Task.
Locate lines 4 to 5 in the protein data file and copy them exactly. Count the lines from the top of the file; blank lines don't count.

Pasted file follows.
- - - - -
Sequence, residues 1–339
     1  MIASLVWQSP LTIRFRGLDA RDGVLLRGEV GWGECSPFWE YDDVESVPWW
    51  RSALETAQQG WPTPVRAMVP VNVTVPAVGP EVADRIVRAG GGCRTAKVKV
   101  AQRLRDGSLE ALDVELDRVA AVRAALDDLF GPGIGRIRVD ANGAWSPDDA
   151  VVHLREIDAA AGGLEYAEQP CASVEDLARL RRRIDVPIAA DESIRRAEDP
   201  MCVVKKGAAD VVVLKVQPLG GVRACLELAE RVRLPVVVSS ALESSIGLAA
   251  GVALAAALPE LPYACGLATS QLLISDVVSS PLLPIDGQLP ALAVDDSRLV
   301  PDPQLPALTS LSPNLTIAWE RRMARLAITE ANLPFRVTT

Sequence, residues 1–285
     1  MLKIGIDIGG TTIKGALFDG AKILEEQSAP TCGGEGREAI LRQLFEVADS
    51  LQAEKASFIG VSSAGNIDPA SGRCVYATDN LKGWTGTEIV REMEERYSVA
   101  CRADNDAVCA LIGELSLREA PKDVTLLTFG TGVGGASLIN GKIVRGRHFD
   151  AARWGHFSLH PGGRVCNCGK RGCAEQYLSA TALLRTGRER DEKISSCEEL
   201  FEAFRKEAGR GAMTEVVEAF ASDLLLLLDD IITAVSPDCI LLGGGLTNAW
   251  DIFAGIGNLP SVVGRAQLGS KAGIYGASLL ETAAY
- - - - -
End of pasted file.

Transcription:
   101  AQRLRDGSLE ALDVELDRVA AVRAALDDLF GPGIGRIRVD ANGAWSPDDA
   151  VVHLREIDAA AGGLEYAEQP CASVEDLARL RRRIDVPIAA DESIRRAEDP